Donn Cave donn at
Thu Jun 20 13:27:46 EDT 2002

Quoth "James T. Dennis" <jadestar at>:

|  I was playing with the socket module and Unix domain sockets,
|  trying to make it work with SOCK_DGRAM.  I could get messages
|  recvfrom() but any attempt to send responses was failing, 
|  complaining about the return address.
|  Now I think I understand the problem.  The recvfrom() tuple
|  does contain two parts (which WOULD BE address and data in UDP)
|  but I'm guessing that the address is meaningless for Unix 
|  domain sockets.  It occurs to me that the "return" address 
|  must be the same socket (filesystem node of type 's') as the 
|  one that I did a .bind() to.  

Actually think you have run into a bug in Python's socket module.
If it's convenient for you to build your own socket module, change
it like this and see what happens (I'm looking at version 2.1 here.)

*** socketmodule.c.dist Sun Apr 15 17:21:33 2001
--- socketmodule.c      Thu Jun 20 10:10:12 2002
*** 597,602 ****
--- 597,603 ----
        case AF_UNIX:
                struct sockaddr_un *a = (struct sockaddr_un *) addr;
+               a->sun_path[addrlen - (sizeof(*a) - sizeof(a->sun_path))] = 0;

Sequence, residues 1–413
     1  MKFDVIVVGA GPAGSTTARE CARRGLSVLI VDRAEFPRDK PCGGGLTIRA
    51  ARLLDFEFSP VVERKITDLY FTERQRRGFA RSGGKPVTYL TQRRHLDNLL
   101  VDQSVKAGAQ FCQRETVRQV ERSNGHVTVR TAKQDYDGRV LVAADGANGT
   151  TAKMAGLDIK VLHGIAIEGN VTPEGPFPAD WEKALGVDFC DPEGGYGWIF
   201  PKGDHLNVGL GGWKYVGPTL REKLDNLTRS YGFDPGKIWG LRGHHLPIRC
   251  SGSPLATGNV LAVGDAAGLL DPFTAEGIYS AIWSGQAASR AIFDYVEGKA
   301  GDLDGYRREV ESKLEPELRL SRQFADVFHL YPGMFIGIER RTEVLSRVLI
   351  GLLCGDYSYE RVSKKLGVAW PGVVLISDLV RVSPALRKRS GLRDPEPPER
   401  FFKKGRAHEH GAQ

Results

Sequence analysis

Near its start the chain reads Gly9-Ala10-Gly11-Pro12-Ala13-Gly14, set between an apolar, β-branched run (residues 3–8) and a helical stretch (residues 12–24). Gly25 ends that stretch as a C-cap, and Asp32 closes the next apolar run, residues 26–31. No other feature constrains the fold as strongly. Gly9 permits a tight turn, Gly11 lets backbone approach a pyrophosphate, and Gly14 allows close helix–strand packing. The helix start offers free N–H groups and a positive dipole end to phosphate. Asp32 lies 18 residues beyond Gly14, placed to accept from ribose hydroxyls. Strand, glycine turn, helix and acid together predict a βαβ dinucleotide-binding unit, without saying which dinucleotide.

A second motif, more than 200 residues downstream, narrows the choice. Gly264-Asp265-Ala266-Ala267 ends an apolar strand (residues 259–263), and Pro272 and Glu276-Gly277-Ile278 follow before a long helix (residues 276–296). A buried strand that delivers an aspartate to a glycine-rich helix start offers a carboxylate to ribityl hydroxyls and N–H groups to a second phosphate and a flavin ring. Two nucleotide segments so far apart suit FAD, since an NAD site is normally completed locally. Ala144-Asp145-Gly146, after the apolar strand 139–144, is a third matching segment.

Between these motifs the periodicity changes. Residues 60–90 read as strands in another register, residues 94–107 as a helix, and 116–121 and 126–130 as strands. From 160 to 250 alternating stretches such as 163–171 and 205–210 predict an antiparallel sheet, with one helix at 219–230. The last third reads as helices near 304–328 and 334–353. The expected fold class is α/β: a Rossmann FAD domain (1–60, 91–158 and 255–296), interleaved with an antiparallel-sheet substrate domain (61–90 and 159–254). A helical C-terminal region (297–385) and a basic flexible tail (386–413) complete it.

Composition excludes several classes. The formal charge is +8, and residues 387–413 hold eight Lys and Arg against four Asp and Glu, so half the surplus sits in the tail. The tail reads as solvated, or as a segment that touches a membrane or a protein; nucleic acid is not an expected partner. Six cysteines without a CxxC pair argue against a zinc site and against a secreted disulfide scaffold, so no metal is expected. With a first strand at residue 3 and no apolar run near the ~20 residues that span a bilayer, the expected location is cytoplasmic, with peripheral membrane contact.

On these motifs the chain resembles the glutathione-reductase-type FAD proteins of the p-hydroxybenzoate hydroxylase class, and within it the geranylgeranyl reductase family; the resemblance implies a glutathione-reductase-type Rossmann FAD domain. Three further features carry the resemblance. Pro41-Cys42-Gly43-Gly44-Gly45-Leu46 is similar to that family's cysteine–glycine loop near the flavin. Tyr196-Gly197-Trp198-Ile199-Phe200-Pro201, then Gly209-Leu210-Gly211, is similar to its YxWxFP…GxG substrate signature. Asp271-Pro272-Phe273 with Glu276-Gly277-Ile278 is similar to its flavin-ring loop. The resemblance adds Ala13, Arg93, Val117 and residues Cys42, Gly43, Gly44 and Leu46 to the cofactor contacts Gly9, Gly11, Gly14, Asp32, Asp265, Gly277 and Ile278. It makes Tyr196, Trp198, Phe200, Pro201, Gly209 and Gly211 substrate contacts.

return PyString_FromString(a->sun_path);

The address returned from recvfrom is (addr, len), but we've been
ignoring len on the theory that the string would be NUL-terminated.
It isn't, so there can be some garbage on the end.

|  This is academic curiosity, and I'll read through the C sources
|  to see what I can glean therefrom, eventually.  I'd like to know
|  how I can tell what process has opened a connection to my 
|  AF_UNIX socket and I'd love to know how to pass an open file
|  descriptor through an AF_UNIX socket (in Python).  I've read that
|  this is possible in C and that it is one of the few features of 
|  AF_UNIX sockets which is NOT available via other address/protocol 
|  families.

Yes, AF_UNIX supports that (SOCK_DGRAM or SOCK_STREAM.)  See man 2
sendmsg.  That would have to be added to the socket module.  Probably
easy enough to do, as long as you confine yourself to support for this
one particular thing (passing file descriptors.)

|  ... I've also heard that this can be used as a way for a
|  client to request read-only or append-only access to a file
|  --- since the UNIX APIs (in C) apparently offer ways for the server
|  to obtain credential information about the requesting process as
|  well as passing open file descriptors (which are then roughly akin
|  to "capabilities" since their access mode can't be changed)

Don't know, right off hand I can't think what API function you
might be thinking of there.

	Donn Cave, donn at

More information about the Python-list mailing list